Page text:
MONTREAL, Quebec — A certain probiotic can prevent neurodegeneration in a species of worm that is critical to the study of amyotrophic lateral sclerosis (ALS), according to a team of researchers from Canada’s CHUM Research Centre (CRCHUM).
Almost 3,000 people in Canada have ALS, which doctors characterize as the slow deterioration of motor neurons which eventually causes a loss of muscular function to the point of paralysis. The average lifespan after diagnosis is between three and five years. In the United States, over 31,000 people are living with ALS, according to the CDC. Notable patients include baseball legend Lou Gehrig, theoretical physicist Stephen Hawking, and the creator of “SpongeBob SquarePants,” Stephen Hillenburg.
“Recent research has shown that the disruption of the gut microbiota is likely involved in the onset and progression of many incurable neurodegenerative diseases, including ALS,” explains neuroscience professor Alex Parker in a university release.
To build off this, first author Audrey Labarre and the team set out the study ALS using C. elegans worms — which serve as an animal model of neural decline. They may just be worms, but they share 60 percent of their genetic makeup with humans. Scientists genetically-modified them to have ALS-associated genes. To test the effects of different probiotics, Labarre tested 13 different strains and three different combinations. One called HA-114 demonstrated something unique. The mechanism of action was neuroprotective, reducing motor disorders in worm models with both ALS and Huntington’s disease, another neurodegenerative disease.
“When we add it to the diet of our animal model, we notice that it suppresses the progression of motor neuron degeneration,” Parker says. “The particularity of HA-114 resides in its fatty acid content.”
Probiotic boosts 2 neuroprotective genes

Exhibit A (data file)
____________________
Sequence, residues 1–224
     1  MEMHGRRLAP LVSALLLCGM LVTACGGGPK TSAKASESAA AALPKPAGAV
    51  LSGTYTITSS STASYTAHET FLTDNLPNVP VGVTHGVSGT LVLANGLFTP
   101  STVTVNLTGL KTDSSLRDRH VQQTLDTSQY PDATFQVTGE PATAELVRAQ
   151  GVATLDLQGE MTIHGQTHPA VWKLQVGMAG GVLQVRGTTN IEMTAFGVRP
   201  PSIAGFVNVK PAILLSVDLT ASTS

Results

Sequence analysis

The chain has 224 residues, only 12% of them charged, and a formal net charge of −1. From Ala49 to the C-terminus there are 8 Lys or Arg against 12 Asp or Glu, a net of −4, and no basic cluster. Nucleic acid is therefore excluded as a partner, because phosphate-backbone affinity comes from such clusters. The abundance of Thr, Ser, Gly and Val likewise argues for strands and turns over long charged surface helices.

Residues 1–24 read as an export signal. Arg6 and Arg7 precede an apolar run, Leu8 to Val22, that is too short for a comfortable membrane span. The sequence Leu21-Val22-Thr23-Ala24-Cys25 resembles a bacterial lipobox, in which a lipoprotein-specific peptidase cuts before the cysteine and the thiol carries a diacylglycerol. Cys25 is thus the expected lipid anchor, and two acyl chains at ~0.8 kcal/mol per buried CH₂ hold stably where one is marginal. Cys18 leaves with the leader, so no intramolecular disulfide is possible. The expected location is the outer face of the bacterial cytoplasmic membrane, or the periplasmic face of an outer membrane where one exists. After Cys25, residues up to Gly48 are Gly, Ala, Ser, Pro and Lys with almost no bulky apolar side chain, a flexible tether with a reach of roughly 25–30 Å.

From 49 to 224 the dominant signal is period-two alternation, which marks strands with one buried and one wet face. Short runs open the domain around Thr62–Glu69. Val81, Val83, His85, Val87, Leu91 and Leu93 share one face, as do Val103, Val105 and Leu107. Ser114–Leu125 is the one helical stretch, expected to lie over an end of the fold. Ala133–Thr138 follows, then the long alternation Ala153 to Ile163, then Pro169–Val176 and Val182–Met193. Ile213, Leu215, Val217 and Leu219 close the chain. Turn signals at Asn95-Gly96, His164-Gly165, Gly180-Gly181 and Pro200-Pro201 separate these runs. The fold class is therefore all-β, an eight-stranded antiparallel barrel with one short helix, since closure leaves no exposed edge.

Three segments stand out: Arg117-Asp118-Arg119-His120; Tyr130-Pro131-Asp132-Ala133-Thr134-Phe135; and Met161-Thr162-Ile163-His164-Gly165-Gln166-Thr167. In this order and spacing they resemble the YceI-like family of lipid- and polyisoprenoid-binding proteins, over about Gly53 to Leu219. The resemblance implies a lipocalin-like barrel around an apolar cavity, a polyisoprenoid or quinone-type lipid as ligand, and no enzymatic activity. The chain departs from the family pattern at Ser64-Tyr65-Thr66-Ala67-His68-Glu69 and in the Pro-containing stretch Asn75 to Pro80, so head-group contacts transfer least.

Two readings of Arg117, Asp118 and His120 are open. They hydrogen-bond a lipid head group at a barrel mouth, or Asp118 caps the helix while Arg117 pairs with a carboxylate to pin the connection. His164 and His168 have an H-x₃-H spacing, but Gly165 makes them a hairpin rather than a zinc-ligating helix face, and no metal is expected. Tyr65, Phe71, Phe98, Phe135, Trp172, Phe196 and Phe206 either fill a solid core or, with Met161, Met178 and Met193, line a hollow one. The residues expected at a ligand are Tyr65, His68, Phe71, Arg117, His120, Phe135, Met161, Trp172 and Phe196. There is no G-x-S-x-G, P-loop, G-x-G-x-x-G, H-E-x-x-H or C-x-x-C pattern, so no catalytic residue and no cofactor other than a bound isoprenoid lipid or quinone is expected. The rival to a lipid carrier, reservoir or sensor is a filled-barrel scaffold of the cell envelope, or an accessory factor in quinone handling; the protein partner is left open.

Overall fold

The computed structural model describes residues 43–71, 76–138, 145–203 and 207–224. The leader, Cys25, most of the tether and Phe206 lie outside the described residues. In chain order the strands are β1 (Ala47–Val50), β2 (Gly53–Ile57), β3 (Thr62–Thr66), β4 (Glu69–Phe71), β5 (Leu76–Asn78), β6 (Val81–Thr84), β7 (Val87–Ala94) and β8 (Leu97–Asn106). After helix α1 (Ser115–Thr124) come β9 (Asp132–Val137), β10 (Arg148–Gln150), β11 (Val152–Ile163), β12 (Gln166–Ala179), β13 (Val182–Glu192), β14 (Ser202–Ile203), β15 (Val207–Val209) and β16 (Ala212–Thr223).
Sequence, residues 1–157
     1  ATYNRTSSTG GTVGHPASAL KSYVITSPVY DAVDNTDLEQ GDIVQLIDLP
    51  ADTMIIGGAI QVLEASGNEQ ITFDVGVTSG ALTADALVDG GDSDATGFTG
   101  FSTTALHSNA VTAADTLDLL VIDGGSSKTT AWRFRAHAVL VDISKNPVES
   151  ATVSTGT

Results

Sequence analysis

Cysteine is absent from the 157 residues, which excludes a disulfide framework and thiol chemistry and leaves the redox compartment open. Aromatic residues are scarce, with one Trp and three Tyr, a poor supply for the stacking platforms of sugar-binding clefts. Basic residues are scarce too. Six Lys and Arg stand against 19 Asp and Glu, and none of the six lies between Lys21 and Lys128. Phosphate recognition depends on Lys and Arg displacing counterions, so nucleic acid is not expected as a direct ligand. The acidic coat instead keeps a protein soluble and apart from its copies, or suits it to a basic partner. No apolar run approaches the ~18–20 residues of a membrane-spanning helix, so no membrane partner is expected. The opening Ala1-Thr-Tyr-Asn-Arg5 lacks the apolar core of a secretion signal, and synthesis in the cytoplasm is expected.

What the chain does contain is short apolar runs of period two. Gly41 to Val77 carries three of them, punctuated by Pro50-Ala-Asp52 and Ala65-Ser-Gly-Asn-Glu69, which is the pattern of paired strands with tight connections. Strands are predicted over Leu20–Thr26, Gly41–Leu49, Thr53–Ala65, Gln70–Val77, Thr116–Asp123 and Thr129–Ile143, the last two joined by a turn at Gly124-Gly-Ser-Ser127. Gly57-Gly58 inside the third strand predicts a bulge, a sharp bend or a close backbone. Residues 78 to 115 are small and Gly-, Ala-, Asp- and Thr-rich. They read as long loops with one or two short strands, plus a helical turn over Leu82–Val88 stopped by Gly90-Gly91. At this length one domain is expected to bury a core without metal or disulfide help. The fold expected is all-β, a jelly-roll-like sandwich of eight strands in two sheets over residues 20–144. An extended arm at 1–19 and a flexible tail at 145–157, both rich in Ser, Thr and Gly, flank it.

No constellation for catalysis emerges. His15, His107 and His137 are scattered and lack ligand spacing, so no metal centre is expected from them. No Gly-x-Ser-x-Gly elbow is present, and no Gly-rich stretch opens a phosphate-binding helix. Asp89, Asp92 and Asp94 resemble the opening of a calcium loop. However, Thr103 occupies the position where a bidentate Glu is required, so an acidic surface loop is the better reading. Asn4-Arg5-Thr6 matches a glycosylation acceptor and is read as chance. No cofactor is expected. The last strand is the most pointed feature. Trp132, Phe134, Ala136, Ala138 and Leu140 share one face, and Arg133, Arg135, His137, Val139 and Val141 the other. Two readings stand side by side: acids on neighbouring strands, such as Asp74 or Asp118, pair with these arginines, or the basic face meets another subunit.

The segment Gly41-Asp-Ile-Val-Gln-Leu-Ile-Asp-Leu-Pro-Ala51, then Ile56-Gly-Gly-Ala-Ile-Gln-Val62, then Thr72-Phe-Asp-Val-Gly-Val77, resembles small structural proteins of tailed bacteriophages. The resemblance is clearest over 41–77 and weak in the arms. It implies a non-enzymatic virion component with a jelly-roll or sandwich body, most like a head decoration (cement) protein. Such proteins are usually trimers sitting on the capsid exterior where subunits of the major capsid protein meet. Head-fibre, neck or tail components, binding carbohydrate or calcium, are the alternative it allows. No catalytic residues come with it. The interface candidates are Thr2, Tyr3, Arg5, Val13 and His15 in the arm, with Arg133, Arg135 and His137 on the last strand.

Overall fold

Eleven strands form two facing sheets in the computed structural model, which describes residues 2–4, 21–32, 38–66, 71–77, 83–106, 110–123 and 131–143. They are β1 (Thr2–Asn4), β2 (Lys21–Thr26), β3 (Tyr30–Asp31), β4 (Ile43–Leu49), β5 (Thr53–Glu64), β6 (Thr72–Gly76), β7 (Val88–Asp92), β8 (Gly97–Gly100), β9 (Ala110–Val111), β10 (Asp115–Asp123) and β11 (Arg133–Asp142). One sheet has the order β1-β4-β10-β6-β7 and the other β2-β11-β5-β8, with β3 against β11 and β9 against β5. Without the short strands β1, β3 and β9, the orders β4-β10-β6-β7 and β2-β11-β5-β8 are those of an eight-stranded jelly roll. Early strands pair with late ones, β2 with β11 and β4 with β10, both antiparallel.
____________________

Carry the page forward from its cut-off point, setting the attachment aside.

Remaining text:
The team was also able to identify two genes tied to the probiotic’s neuroprotective action: acdh-1 and acs-20. Both genes exist in the exact same form in humans, playing a role in lipid metabolism and oxidation, which is the process that fatty acids undergo in order for the mitochondria — the powerhouses of the cells — to break them down.
“We believe that fatty acids supplied by HA-114 enter the mitochondria through an independent, non-traditional pathway,” Parker concludes. “In doing so, they restore balance to impaired energy metabolism in ALS and lead to a decrease in neurodegeneration.”
In the future, there are several things in the works. The team is already shifting focus and conducting similar studies on mice, which increases the complexity of the work. They then plan to validate their findings in a clinical setting to truly see if HA-114 could complement current ALS therapies. This is a welcomed strategy, especially because probiotics don’t pose nearly as many risks or cause adverse side-effects. Dr. Geneviève Matte, ALS clinic director, will also lead a Canada-wide study including 100 participants starting in the spring of 2023.
The findings are published in the journal Communications Biology.